Meticulous researcher carefully cited her sources

PRUE McGOLDRICK July 26, 1925-February 11, 2022

Noted writer Prue McGoldrick (nee Hyett) who died recently aged 96 years, began her life with her twin sister Mary, at St Andrew’s Hospital, King Edward Avenue, Sunshine. One of seven children, including three sets of twins, born to Agnes Elvira Hyett (nee O’Sullivan) and J. S. (Sam) Hyett, Prue spent the first quarter of her life in Sunshine.

Prue McGoldrick.

She wrote brilliantly about her childhood years in her book My Paddock, published in 1994. The title of her earlier book, When The Whistle Blew: A Social History of The Town of Sunshine 1920-1950, published 1989, reflected her experience of growing up in Sunshine, amid the whistles of factories and steam trains.

The Hyetts were a large clan in Sunshine. Prue’s grandfather Jacob Hyett and his family were part of that remarkable migration of H.V. McKay and his workers from Ballarat to Sunshine and Footscray in the early 20th century. Prue’s mother was a schoolteacher, born in New Zealand, who met and married Jacob Hyett while he was working there as a miner. She was descended from Irish settlers while his ancestors were Irish convicts. The young couple moved to Sunshine in 1922 and bought a cottage in First Avenue, near Wright Street. Jacob worked at Darlings’ Flour Mill in the early 1920s and then at McKay’s Sunshine Harvester Works as a welder, developing the use of oxygen and acetylene, but working on reduced hours during the Depression.

Prue wrote later: “Despite the Depression, there was joy in our lives …” Her family had a productive vegie garden and orchard, chooks, and two cows (kept in a leased paddock nearby and brought home to milk). Jacob Hyett caught yabbies, fish, rabbits and game, while Agnes Hyett produced freshly baked bread, home-made butter, lemon cordial, rabbit in pies, or stewed, roasted, fried, as well as steamed puddings, jams, pickles, sauces and countless sandwiches. Well-educated Agnes was also a lover of words. She “kept her sanity” by reading and attending a monthly readers’ circle.

Prue and her twin sister Mary attended Our Lady’s Catholic Primary School, Sunshine from 1931, up to grade 8. For three years (1939-42) they went to Catholic Ladies College in Grey Street, East Melbourne. Prue enjoyed her time there but later expressed the pain of growing up Catholic in Sunshine. In an introduction to The Story of Our Lady’s, Sunshine 1927-1987 she recalled “the bigotry that existed in those early days … There was a ghetto mentality and Catholics tended to live apart”. At one point, Prue was active in the National Catholic Girls Movement and on the national executive.

On leaving school, Prue and Mary began working for Forest Products CSIR, in South Melbourne, testing timber for aircraft. They worked day and evening shifts, alternate weeks. It was wartime. They also attended evening classes, including classes at Melbourne Technical College (later RMIT). Prue did engineering drawing and Val McGoldrick, an engineer, was the instructor. In 1949 they married, living initially at Moonee Ponds. They had two sons and moved to Yallourn, where Val had a job with the State Electricity Commission. By 1955, they had a family of four children – James, Bernard, Anne and Damien – and lived in Yallourn for 28 years, becoming involved in the local community.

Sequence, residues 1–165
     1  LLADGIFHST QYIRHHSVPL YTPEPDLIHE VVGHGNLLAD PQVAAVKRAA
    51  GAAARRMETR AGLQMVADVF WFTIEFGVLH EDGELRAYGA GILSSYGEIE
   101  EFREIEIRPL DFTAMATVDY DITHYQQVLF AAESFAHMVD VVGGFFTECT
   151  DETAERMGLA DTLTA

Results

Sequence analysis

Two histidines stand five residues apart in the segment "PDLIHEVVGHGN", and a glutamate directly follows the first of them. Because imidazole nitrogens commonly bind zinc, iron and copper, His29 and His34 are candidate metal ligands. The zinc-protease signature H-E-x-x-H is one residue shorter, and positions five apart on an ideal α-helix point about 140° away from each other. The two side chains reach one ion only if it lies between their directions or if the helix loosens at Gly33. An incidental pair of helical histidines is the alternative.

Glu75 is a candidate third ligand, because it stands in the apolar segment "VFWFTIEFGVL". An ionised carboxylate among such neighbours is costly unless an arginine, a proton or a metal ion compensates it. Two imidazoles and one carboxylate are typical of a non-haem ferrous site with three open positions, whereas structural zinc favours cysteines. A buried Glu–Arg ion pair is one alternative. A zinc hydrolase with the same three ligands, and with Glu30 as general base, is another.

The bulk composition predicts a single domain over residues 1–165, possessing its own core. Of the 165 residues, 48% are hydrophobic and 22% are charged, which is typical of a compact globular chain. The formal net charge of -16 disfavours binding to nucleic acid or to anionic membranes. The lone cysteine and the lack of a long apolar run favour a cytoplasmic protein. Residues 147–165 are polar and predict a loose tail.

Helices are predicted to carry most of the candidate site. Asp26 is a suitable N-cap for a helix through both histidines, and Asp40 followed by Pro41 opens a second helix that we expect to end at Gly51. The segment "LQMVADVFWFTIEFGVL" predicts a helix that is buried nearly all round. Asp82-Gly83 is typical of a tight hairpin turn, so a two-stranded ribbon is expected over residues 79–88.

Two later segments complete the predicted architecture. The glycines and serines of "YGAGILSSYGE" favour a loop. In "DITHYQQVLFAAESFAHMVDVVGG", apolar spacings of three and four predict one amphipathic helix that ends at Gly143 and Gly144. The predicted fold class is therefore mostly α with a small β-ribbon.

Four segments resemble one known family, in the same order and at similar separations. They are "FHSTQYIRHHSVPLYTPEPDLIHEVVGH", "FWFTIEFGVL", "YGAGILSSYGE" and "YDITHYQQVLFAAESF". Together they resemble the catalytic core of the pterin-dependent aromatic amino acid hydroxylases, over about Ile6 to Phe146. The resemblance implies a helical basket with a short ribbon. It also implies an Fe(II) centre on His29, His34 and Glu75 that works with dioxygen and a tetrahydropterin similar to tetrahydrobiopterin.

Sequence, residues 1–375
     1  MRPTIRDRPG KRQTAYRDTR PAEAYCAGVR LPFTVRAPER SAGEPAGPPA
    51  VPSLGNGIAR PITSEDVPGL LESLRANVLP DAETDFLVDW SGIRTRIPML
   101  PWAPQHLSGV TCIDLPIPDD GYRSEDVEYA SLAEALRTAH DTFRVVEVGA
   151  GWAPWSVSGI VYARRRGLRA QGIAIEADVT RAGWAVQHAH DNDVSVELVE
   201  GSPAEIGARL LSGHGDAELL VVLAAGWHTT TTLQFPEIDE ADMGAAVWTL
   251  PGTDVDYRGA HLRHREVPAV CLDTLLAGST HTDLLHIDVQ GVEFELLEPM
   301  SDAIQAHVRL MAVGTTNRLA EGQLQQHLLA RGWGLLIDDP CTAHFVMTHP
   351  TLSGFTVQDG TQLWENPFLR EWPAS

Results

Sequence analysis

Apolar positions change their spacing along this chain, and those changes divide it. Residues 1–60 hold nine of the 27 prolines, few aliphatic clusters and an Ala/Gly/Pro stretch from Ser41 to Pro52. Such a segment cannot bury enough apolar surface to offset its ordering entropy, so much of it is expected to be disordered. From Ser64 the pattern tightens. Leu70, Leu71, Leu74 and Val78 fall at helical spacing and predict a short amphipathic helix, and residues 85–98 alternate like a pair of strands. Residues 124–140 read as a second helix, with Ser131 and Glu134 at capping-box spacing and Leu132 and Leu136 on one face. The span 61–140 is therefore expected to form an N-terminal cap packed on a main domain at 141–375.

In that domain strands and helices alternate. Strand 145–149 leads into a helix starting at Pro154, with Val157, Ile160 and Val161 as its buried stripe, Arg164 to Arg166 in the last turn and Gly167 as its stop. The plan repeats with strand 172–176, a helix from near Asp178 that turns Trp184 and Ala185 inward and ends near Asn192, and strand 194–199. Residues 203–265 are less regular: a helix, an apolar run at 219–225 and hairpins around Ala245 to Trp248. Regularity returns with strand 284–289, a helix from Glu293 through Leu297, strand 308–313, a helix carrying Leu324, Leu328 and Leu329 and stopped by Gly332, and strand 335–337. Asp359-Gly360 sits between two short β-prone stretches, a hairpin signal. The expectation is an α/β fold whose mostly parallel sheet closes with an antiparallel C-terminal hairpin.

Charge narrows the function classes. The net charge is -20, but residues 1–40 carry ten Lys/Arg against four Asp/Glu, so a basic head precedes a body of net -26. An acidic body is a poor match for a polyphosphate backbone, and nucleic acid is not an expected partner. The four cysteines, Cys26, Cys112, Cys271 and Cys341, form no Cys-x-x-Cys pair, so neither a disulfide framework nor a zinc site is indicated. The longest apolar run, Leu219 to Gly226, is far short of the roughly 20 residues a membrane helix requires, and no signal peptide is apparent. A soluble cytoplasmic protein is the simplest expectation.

Prue was active in school, church, the Catholic Women’s Service League and part-time teaching. In her forties, she studied at the Gippsland College of Advanced Education and matriculated. A photo taken in 1967 shows her in uniform as Superintendent of the Yallourn Red Cross. She began working as a journalist with the La Trobe Valley Express and in 1979 Gippsland Printers published her centenary history of Morwell, Steam horse to power – a history of Morwell town.

When the town of Yallourn came to an end, about 1980, the McGoldricks moved to Paynesville. Prue wrote ‘Yallourn was …’, a history of the town, worked for the Bairnsdale Advertiser and began preparing When the Whistle Blew, commissioned by Sunshine City Council. Later, she donated her research material to Sunshine & District Historical Society and lodged manuscripts with the State Library of Victoria. In 1996, she wrote a history of St Patrick’s Church, Paynesville.

Her book Jaberanda: Living in the Twentieth Century appeared in 2001. The title Jaberanda came from the first letters of her four children’s names. Her 13 grandchildren saw her as “technologically savvy”, a “super granny”, and appreciated her competence with digital camera and computer, her adventurous cooking and her humour. Her husband Val died in 2006 of Alzheimer’s. Prue’s last years were spent in Paynesville Gardens Community Care. She died peacefully at Paynesville in early February and is buried at Paynesville Cemetery.

Hard working, a meticulous researcher who carefully cited her sources, Prue had a talent with words. Like her cousin Jack Hyett, noted naturalist, teacher and writer, she loved nature. Honest and forthright, she was not afraid to speak her mind at times. She was humble and generous and gave valuable help to Sunshine & District Historical Society through serving on a review panel, with Associate Professor Don Gibb, for the society’s publications Harvester Town and Harvester City. Although she spent most of her life in Gippsland, Prue never forgot her Sunshine roots. She returned many times, including a visit for the launch of her book My Paddock, by her nephew John Hyett, then mayor of Sunshine. Her books on the area’s past are a lasting legacy.

Historian Olwen Ford is a family friend and former colleague of Prue McGoldrick.

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